Handicapping sporting events can be done, but you better not be a math professor to do so. AA’s and two pair have their spots in the deck of 52 cards, with AK and its negative EV when compared to AA’s. When it comes to sports handicapping the cards you play are just tokens. AA’s are the most powerful hands in the deck, since they can potentially win the majority of pots. When compared to premium holdings in the deck, AA’s have more holes and less opportunities to win. As a result, I look at all of my hands as a battle, with my pocket aces in my hand and wanting to bring all of my cards to bear on the battle, forcing my opponents into making tough decisions for their hands. When my aces get cracked, I still have a lot of power, but it can get annoying when it happens.
When I get AA’ed, I like to find a raiser in position and bet them out of the hand. This puts pressure on my opponents to make a decision for their hand, which helps me know I have a very strong hand. When my aces get cracked, however, I like to take more of a wait-and-see approach. I like to be the player that makes my opponent make a mistake and I like to do it with mediocre-weak hands. Timing is very important with hands like A-4, and being aggressive when you have a premium hand is a much better approach than being aggressive with a junk hand.
Raising preflop doesn’t mean you have a quality hand, however. Many players, especially in a big way, will raise the stake on a hand like J-4 to try and get value for their hand. They can’t, in most cases, and thatbetting formulaative is doomed to fail, but raising in a big way on a junk hand can help set up a semi-bluff on the flop.Raising on junk hands has the potential to make a player sit back and wait for a big hand to make a move on. It’s a pretty safe assumption that the player who raises very small with J-4 is not likely to have a good hand, so if you have a nice hand, you can let the opponent keep raising the pot to try and get your opponents preflop folding range limited. A raise of 4x the big blind with hands like Q-6 or K-7 is generally a good idea, the idea being that you need a strong hand to raise or reraise, allowing you to find a Marginale raiser and make a profit.
The plan here is to set up a semi-bluff on the flop. If the low hand hits, you should be good to go, as you can’t bet out of position on the flop. If the high hand hits, you don’t have to be looking for a Marginale raiser to make a profit, as you can check and take down the pot preflop. If you’re called, you still have two choices: fold a bad hand, or continue betting if you suspect your opponent has a weaker hand.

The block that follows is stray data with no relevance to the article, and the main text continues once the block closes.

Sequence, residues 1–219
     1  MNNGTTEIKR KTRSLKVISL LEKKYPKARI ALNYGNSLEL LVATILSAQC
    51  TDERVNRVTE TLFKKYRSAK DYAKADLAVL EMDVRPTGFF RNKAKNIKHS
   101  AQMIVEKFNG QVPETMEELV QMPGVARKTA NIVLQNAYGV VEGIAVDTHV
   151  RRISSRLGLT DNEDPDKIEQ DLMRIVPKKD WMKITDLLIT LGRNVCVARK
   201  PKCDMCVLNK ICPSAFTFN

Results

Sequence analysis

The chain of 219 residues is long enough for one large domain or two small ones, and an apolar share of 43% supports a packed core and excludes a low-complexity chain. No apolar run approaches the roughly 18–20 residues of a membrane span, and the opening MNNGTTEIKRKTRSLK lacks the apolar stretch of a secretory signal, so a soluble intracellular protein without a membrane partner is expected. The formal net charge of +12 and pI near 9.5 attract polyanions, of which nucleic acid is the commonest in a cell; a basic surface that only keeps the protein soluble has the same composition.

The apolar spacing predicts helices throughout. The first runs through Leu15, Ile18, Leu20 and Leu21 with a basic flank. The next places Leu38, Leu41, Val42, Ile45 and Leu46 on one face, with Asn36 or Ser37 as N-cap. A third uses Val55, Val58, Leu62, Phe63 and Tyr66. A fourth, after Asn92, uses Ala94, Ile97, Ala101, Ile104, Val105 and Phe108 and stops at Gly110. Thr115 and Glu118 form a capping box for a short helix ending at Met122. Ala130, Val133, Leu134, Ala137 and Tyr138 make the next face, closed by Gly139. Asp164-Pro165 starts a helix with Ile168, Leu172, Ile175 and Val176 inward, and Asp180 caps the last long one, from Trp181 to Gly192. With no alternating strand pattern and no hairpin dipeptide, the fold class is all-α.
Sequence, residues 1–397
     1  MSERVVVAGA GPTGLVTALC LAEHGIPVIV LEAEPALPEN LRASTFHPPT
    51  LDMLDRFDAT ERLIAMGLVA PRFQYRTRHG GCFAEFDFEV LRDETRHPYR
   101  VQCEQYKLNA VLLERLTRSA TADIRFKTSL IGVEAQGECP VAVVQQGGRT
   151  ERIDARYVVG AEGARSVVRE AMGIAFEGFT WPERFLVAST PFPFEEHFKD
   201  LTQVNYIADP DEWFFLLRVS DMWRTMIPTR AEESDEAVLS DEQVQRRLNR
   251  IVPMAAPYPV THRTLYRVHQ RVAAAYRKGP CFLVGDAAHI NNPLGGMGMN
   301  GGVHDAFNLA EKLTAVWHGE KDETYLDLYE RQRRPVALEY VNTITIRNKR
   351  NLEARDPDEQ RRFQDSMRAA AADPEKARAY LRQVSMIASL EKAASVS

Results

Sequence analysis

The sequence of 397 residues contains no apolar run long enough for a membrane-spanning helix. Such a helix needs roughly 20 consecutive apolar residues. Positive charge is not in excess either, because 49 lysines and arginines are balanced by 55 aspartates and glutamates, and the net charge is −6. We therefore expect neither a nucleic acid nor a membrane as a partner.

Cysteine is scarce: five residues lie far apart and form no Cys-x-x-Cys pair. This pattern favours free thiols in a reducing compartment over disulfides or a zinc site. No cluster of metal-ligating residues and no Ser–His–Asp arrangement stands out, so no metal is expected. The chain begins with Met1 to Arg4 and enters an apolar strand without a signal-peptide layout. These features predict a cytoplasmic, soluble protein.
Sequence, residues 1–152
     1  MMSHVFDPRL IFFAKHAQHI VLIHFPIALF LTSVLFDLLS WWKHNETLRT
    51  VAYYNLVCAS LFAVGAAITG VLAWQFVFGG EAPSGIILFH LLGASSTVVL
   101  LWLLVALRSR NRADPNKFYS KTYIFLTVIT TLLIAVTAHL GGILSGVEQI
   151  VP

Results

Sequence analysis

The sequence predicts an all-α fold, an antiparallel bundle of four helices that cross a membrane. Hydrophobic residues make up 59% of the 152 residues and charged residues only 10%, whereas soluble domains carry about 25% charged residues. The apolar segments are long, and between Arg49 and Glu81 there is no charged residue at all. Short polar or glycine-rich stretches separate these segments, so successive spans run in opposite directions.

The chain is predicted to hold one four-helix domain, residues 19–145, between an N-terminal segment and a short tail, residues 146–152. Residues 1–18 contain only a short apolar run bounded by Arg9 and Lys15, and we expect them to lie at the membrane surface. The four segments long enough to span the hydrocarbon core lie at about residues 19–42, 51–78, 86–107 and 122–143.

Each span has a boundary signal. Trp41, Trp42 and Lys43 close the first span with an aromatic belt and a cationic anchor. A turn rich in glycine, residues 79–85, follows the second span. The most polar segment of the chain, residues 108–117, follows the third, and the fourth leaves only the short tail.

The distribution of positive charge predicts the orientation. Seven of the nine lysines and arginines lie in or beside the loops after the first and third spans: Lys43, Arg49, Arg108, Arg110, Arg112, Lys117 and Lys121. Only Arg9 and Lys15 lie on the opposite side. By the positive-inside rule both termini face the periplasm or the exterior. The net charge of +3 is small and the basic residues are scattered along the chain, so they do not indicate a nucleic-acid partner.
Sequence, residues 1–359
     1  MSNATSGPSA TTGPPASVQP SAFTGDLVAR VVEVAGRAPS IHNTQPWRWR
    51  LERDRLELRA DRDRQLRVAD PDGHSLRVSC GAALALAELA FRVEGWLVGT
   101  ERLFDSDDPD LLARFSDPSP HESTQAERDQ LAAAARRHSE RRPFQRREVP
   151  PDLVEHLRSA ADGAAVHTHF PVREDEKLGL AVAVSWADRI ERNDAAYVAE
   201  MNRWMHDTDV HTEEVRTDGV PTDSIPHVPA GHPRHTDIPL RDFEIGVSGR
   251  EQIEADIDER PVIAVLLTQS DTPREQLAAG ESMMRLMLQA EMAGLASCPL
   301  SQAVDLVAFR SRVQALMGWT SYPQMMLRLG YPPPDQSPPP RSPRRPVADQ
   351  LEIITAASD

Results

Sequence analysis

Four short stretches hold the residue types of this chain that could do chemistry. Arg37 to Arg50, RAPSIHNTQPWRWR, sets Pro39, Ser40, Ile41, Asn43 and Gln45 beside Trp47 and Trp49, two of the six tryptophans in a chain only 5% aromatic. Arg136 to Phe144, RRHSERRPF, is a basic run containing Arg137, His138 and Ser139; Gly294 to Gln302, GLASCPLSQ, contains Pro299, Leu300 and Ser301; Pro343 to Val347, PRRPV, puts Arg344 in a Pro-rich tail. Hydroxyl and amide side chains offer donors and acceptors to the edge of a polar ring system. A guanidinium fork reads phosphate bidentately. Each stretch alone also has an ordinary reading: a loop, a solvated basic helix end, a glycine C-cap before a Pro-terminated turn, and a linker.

Making a move on the flop
There are certain scenarios you should fire out a bet on the flop, depending on your opponent. Your image of your opponent and the image of your hand are central to making a continuation bet. If you feel your opponent is weak, you should fire out a bet. If you’re called, you can check and take down the pot.
It’s important to understand that when you check on the flop, you’re giving your opponents the impression that you have a weak hand. If you have the image as being a fairly tight player that doesn’tMany hands, especially pocket pairs, should be played aggressively on the flop. This is simply because it’s more lucrative to play a hand aggressively on the flop than it is to call.
Don’t be afraid to bet your hand on the flop. Even if it doesn’t connect on the flop, a continuation bet against your opponent will often win a small pot. If you make a large bet and get called, you still have two live cards. You still have a chance of getting the best of your hand on the flop.
The key to playing heads up pokerace99 is to use your table position to your advantage. If you feel your opponent is making a move on you, in either position, you need to be able to call, raise or fold. If you decide to call, you want to limit your opponent’s range of hands from hitting a strong hand. If you’re uncomfortable with calling large bets, which tend to limit your opponents’ range of hands, consider simply checking or folding.